This week Microsoft have released yet another of their TV ads comparing the iPad to a Surface or another Windows based tablet. In this new ad it’s the Surface RT that’s pitted against the iPad.
The newest in this series of ads trots out some of the same supposedly killer advantages for the Surface over the iPad – like the knock on the iPad because it doesn’t include Microsoft Office.
Another advantage cited for the Surface is ‘integrated kickstand and keyboard’. Only in the very tiny fine print does it mention that the keyboard is sold separately. Sold separately for $100 if bought at the same time as the tablet and $120 if not. Pretty stiff price for something that’s ‘integrated’.
Despite every indicator showing that the Surface has had just about zero impact, Microsoft keeps pounding away with these comparison ads. Here’s this latest one, below. Does anyone believe these are having any effect?
That’s Microsoft’s latest Siri-mocking, iPad bashing, Surface RT bragging ad shown above, released yesterday. Pretty ballsy stuff when you consider they literally just announced a huge $900 million writedown due to unsold Surface RTs, and various reports have shown that their tablet has had just about zero impact with consumers or with the enterprise.
I think somebody needs to explain to Microsoft how trash talking works. Revenge is a dish best served cold they say, and trash talking is not too effective when you are right smack in the middle of getting your ass kicked. Just a thought.
Wow. Just when you think the news can’t get much worse for Microsoft’s Surface RT tablet, it does. Yesterday TechCrunch reported that Microsoft has reported a huge writedown for unsold Surface RTs in its latest earnings report:
The company took a massive $900M writedown last quarter because of unsold Surface RT’s. Even more telling is that Microsoft actually revealed this loss. It’s that big. The company had to tell investors why it didn’t meet Wall Street’s expectations.
Just last week Microsoft slashed the prices of Surface RT models by nearly 1/3, and last month we saw that Microsoft tablets are almost invisible on the latest tablet web usage charts, with a less than 1% share; and that Surface tablets don’t even make it onto a chart showing the leaders in enterprise tablet activations.
Despite all of that, I’ve seen recent rumors that Microsoft will be releasing new Surface RT tablets early next year. They’ll need to be much lower-priced and have an operating system that’s not schizophrenic and downright painful to use, otherwise they might as well start planning for the next billion dollar writeoff.
It looks like Microsoft is about to slash the price of their Surface RT tablet line. As The Verge reports, the price for all models of the Surface RT is set to drop by $150 starting this Sunday, July 14.
With the new price cut, the price for the entry level 32GB Surface RT will come down from $499 to $349.99, and the 64GB model will be available for $449.99. The Touch Cover keyboard is still a $100 add-on.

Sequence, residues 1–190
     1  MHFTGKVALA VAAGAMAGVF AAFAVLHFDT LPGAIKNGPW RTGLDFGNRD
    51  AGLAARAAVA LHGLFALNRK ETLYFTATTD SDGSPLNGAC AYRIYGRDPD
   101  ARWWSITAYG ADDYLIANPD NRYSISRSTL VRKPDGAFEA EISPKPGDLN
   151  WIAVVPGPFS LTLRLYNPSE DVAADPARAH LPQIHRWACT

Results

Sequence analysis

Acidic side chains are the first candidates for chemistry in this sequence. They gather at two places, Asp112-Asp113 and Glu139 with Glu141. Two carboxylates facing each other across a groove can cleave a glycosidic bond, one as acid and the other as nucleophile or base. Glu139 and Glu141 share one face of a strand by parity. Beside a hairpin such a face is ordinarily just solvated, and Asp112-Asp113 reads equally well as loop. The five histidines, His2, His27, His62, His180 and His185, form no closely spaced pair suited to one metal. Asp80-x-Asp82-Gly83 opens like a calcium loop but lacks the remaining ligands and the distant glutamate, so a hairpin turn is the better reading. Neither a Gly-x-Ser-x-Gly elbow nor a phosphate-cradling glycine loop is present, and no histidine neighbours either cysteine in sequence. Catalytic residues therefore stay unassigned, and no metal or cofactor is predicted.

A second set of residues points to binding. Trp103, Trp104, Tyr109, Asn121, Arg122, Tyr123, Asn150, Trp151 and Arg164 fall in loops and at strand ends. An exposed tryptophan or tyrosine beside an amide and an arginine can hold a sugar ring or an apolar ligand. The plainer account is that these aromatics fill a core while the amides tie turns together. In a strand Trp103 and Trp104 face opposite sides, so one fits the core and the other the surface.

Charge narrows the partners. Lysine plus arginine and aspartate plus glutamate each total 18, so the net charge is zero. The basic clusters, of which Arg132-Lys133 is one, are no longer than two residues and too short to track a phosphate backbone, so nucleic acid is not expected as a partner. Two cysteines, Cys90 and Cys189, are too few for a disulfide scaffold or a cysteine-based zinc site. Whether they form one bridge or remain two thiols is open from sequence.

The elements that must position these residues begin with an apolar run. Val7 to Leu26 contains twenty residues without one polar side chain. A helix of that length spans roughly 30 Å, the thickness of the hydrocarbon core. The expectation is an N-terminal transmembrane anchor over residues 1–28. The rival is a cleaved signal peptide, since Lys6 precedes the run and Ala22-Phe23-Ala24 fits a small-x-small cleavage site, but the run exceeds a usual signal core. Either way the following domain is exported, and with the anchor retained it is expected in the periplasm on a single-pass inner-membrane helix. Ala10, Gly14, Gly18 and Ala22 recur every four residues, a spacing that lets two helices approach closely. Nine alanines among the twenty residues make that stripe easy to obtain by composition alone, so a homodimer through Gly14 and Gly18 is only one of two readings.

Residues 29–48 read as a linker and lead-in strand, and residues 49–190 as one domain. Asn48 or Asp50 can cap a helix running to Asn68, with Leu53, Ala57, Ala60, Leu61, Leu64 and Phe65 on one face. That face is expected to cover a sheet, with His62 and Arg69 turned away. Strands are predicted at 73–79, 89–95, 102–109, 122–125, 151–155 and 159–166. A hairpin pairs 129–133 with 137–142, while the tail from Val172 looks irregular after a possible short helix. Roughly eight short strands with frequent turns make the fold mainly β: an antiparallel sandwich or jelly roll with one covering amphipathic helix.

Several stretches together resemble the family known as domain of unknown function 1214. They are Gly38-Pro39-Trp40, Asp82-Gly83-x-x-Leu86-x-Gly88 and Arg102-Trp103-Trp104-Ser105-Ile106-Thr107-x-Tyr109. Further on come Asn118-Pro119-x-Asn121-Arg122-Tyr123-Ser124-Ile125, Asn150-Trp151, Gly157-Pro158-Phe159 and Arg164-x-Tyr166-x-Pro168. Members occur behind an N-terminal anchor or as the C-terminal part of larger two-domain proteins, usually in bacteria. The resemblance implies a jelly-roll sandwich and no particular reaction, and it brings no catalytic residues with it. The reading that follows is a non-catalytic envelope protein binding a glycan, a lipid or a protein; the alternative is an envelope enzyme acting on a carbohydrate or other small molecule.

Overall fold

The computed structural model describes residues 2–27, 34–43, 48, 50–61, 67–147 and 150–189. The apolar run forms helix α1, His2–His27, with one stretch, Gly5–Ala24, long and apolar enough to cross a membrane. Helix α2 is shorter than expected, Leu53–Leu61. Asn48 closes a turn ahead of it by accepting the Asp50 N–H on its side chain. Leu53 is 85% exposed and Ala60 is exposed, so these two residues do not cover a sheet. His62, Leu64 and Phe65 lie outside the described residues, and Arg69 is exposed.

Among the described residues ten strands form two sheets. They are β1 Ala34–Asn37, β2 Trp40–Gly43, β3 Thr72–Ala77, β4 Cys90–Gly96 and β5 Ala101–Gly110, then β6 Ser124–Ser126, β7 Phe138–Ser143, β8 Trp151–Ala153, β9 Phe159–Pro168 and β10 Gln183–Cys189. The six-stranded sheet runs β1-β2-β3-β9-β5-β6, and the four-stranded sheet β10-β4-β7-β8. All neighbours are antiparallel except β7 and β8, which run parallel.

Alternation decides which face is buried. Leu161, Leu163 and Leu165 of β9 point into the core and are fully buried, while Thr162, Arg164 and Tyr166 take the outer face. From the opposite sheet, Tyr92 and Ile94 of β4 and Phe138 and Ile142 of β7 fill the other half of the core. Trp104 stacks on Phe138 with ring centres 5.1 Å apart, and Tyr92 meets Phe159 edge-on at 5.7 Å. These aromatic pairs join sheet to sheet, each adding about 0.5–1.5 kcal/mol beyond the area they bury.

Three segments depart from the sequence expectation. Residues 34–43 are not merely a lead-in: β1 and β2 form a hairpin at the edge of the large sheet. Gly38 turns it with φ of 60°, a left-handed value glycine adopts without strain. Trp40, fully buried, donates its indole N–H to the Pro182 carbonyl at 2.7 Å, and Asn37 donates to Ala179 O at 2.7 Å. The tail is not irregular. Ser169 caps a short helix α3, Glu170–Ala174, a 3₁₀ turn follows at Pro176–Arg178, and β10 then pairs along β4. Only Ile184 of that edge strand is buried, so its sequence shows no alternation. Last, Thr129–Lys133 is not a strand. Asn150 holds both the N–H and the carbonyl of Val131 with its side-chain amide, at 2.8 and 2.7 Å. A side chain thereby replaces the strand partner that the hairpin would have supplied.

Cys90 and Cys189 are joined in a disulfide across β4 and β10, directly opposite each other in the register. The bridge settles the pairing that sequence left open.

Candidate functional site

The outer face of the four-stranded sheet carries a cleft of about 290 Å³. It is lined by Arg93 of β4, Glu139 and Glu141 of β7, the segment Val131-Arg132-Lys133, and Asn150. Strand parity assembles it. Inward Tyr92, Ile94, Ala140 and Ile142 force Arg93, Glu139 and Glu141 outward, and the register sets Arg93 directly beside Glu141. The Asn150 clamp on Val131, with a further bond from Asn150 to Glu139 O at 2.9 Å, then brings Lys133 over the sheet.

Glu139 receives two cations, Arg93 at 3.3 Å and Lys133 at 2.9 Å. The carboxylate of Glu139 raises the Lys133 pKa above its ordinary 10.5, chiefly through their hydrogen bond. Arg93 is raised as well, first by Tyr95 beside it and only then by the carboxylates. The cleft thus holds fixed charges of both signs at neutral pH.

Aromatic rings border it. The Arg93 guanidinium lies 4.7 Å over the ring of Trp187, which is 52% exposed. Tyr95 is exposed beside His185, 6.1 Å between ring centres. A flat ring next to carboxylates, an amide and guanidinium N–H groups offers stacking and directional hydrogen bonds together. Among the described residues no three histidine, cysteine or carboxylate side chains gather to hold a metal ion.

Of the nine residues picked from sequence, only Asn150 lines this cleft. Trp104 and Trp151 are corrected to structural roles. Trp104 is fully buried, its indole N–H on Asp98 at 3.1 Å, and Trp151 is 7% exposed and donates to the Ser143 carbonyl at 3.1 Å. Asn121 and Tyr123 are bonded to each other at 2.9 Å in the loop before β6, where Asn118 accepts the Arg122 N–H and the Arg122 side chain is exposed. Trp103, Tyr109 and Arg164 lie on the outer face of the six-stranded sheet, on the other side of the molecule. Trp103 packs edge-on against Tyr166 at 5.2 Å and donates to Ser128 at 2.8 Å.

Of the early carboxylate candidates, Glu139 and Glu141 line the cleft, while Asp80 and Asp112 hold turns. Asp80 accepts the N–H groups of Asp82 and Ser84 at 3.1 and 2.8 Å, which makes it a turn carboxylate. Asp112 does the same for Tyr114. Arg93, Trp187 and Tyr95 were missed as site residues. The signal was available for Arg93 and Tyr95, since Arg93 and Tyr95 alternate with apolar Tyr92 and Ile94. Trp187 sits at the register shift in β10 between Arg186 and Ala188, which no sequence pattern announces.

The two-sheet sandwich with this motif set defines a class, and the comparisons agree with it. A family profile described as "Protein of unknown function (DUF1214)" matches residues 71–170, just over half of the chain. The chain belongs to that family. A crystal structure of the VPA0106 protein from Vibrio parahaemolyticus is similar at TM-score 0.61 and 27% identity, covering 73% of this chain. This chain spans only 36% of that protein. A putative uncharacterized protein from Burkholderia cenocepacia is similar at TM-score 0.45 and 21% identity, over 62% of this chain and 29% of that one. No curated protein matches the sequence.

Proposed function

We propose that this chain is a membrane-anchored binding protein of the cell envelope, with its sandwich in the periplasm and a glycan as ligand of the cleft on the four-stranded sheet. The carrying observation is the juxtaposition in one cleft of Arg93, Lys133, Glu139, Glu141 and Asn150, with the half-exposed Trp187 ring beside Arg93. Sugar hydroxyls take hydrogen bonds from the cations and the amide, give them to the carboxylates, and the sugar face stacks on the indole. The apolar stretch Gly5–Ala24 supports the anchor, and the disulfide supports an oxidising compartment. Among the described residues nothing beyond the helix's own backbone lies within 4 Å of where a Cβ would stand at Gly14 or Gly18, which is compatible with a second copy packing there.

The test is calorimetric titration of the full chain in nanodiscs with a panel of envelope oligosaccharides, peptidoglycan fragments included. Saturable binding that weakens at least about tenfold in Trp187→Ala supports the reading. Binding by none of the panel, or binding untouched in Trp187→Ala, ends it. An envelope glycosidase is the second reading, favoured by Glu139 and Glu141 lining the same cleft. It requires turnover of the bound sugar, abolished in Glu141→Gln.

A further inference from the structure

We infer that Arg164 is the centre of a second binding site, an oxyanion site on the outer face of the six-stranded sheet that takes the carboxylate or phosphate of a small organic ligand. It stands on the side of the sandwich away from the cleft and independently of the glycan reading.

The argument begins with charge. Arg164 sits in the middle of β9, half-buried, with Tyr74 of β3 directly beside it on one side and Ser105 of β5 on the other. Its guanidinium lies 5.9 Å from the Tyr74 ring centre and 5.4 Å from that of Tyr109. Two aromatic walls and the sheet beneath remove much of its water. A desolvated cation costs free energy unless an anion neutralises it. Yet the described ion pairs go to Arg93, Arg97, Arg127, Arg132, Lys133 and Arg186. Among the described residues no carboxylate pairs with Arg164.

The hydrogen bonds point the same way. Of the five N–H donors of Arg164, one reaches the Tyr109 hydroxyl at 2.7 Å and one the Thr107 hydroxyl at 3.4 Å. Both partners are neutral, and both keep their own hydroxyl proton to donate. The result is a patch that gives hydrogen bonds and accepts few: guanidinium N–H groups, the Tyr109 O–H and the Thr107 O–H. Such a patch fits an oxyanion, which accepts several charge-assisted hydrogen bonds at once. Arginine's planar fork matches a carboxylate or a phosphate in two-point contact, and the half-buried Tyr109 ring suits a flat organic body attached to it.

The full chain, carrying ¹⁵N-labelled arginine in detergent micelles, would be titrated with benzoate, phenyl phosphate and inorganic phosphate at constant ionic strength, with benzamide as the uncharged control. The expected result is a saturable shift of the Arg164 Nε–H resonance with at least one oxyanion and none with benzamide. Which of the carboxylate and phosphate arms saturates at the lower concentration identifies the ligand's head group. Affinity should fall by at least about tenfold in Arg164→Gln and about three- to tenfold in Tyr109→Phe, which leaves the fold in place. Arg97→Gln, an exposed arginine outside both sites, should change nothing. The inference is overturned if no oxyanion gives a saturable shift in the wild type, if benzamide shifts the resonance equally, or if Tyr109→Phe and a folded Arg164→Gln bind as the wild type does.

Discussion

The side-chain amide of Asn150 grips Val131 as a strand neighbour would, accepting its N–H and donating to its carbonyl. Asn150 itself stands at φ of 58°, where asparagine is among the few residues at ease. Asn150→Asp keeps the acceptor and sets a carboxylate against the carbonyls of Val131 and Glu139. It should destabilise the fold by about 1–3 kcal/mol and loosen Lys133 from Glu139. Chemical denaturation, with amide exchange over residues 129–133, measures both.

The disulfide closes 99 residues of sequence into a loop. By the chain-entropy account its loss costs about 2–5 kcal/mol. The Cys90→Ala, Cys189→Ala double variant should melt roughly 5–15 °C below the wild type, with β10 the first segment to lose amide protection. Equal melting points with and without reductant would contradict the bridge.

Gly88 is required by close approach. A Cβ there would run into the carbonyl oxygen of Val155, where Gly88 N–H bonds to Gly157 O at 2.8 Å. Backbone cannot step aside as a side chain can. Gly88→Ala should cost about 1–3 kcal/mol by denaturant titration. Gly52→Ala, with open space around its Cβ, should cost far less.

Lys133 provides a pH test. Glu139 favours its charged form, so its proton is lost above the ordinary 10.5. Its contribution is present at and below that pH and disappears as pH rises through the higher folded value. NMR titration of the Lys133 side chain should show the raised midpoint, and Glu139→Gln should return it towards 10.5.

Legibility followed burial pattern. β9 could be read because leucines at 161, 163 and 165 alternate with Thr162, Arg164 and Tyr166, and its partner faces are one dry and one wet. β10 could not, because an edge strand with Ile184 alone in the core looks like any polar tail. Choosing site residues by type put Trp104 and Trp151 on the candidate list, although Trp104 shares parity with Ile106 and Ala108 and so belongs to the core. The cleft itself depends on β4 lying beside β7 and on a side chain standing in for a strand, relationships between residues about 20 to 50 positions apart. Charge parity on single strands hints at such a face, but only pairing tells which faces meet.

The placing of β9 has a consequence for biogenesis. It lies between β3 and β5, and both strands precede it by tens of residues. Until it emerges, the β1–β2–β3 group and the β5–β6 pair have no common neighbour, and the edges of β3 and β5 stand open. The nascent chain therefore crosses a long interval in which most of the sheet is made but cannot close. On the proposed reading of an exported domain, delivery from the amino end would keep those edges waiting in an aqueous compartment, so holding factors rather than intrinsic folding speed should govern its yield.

This is yet another bad sign for the Surface line. Lowering the price by nearly 1/3 looks like a bit of a desperate measure, or maybe even a sign that the RT won’t be around for that much longer. This follows on the heels of a report last month showing Windows tablets had less than 1% adoption rate in the enterprise and a tablet web usage report that showed Surface tablets with a less than 0.5 share.
I think both Surface tablets have been hugely overpriced, especially as the latecomers they are to the tablet market. I’ll be shocked if we don’t see a similar price cut for the Surface Pro line soon.
Sleeping with the enemy. iPad Insight on Internet Explorer on a Surface RT tablet in a Microsoft store.
Yesterday I visited a Microsoft for the first time, and spent a lot of time playing around with the Surface Pro and Surface RT tablets. Once I’d had my fill of trying them out I couldn’t resist firing up iPad Insight in the IE browser. I would have done this sooner, but I never knew we had a Microsoft store in Austin.
I was really considering buying a Surface to really get to know it, and I still am – but with perhaps even greater reservations than I had before spending some time with them. The Surface Pro is just way too much like a laptop or ultrabook for my liking. It really just doesn’t feel much like a tablet at all. Two of the Microsoft product advisors even agreed with me on that sentiment.
So I spent more of my time with the Surface RT. I explored switching between its Desktop and Modern modes quite a bit and had a quick look around its app store. I wasn’t wowed by the Surface RT, but I didn’t hate it either. I might still end up picking one up at some point – or maybe I’ll just wait on their rumored ‘mini’ version.